- Determine post-fire seeding effects on cover and density of seeded perennial plants
- Determine cover of bare ground and undesirable non-native annual bromes and forbs
- Determine long-term effects of drill versus aerial seeding on different types of vegetation cover
WHY IT'S IMPORTANT
- On average, wildfires burn about 1 million acres annually in the Great Basin.
- Invasive annual grasses are altering Great Basin fire regimes, affecting ecosystem function and fragmenting habitats for species dependent on sagebrush.
- The ES&R (Emergency Stabilization and Rehabilitation) program on BLM-managed lands may benefit from an adaptive management approach to improve seeding success
- These findings may inform decisions through comparing costs of seeding relative to benefits of achieving seeding objectives.
WHAT WAS LEARNED
- Native perennial grasses did best when sown without non-native perennial grasses.
- Areas where ES&R seedings were successful, providing an increase in perennial grass cover and decrease in cheatgrass, were primarily limited to locations drill-seeded with non-native grasses at moist, high elevation sites.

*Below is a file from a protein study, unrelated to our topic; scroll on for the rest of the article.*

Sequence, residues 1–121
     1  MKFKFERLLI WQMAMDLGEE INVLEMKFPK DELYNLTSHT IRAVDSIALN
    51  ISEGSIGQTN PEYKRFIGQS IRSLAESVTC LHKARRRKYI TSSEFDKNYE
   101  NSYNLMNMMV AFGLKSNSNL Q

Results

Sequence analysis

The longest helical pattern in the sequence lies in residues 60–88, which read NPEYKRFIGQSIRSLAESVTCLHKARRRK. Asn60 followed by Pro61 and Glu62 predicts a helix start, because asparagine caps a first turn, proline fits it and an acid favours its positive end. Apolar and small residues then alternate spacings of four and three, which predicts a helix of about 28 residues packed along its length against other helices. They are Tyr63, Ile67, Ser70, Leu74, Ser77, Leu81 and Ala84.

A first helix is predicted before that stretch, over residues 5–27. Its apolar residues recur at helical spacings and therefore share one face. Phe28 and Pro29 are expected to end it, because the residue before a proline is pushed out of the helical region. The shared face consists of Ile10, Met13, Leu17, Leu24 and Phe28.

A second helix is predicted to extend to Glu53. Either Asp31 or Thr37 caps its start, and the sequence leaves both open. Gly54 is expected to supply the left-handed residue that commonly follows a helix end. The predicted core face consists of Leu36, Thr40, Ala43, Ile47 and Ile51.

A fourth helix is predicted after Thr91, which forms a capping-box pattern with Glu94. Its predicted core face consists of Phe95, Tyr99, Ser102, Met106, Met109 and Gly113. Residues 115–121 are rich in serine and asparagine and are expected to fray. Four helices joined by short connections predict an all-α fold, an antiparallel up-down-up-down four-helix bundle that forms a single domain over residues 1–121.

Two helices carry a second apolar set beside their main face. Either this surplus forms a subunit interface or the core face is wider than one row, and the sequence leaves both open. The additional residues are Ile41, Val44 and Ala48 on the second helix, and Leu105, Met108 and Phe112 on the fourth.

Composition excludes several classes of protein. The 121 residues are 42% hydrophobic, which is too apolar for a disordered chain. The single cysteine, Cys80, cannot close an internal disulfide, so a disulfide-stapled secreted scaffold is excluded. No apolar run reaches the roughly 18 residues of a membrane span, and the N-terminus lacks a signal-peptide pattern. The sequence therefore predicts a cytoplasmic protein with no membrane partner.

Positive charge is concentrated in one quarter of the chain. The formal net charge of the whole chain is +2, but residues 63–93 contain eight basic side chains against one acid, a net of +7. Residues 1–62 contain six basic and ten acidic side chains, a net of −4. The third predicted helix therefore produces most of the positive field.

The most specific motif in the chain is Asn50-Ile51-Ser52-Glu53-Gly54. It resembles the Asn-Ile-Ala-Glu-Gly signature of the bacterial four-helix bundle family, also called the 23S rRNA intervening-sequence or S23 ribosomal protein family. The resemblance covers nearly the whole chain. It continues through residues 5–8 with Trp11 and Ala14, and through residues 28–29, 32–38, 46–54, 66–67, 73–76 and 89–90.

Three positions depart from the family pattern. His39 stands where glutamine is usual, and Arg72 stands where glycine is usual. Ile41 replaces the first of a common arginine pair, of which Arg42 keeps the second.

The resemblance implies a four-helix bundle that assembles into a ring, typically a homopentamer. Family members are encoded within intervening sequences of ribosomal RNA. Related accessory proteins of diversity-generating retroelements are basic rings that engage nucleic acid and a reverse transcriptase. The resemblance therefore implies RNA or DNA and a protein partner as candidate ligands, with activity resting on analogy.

- Cover of cheatgrass was highest in hot and dry, low elevation areas. Seeding treatments at these locations had little effect on perennial plant cover.
- Seeding at lower, drier locations would likely require multiple interventions to be successful.
- Seeding native shrubs had little effect on shrub cover, however managers might consider transplanting or use of native-only seed-mixes on sites with higher annual precipitation.
- Aerial seeding applications without seed cover methods did not provide establishment of non-native, deep-rooted perennial grasses sufficient for impacting annual bromes.
- The study could not evaluate grazing management practices that likely affected long-term ES&R outcomes and warrants further investigation.